Primary lateral sclerosis (PLS) is a progressive, degenerative disease of upper motor neurons (UMN) characterized by progressive spasticity (i.e., stiffness). It affects the lower extremities, trunk, upper extremities, and bulbar muscles (usually in that order).
Some individuals with this form of motor neuron disease never develop clinical lower motor neuron (LMN) signs. Most, however, do develop LMN signs later in their clinical course. This is referred to as “UMN-onset amyotrophic lateral sclerosis (ALS)”.
Pure primary lateral sclerosis and UMN-dominant ALS appear to have a more benign prognosis than typical ALS.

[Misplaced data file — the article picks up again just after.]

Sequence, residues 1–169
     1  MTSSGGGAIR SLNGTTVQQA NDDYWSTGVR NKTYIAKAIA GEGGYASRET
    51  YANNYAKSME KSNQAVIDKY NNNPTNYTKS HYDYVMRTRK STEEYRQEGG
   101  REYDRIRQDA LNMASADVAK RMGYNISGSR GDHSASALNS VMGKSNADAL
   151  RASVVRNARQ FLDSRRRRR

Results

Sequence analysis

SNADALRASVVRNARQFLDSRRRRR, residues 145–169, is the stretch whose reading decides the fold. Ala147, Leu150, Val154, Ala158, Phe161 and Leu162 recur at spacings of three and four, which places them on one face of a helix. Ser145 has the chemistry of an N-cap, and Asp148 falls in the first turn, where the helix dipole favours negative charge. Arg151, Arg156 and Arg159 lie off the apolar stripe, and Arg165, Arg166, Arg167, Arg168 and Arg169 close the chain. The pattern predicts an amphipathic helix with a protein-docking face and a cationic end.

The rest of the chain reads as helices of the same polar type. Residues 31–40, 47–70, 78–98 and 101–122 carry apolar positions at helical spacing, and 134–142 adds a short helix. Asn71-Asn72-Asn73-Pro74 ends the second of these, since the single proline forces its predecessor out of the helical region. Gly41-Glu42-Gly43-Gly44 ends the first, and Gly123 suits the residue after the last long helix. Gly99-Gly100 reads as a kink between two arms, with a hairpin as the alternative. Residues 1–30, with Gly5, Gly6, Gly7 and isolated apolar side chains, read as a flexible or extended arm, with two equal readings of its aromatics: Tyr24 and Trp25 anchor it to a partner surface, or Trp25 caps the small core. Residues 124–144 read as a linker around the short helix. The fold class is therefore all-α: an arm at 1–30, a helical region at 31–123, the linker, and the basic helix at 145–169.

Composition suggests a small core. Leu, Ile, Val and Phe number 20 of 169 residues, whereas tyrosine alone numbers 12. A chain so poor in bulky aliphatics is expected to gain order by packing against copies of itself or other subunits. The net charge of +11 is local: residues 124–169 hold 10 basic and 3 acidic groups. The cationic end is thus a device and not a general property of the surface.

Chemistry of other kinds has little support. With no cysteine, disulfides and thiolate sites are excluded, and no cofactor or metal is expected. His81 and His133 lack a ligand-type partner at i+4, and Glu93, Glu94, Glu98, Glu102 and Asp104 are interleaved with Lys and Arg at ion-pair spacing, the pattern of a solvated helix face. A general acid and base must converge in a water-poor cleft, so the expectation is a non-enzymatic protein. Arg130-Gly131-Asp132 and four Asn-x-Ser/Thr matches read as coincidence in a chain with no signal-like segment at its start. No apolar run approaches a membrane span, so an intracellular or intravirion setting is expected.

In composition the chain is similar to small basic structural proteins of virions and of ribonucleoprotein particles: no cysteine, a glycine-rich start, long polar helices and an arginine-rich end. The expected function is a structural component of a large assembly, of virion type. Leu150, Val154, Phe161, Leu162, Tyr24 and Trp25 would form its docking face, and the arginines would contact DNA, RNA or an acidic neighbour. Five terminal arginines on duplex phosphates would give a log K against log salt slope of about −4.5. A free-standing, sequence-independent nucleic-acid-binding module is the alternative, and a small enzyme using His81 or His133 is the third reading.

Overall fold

Survival for patients with UMN-dominant ALS was intermediate between that of primary lateral sclerosis and classic ALS.
The major clinical challenge that the presentation of PLS poses is distinguishing it from the more common form of motor neuron disease, amyotrophic lateral sclerosis (ALS), from hereditary spastic paraparesis (HSP), and from non-degenerative conditions that may present similarly early in their course.
PLS usually affects adults and is usually sporadic.
Adapted from Medscape Drugs & Diseases. Primary lateral sclerosis. Available at http://emedicine.medscape.com/article/1171782-overview. Accessed on February 15, 2016. To view the entire article and all other content on the Medscape Drugs & Diseases site, a free, one-time registration is required.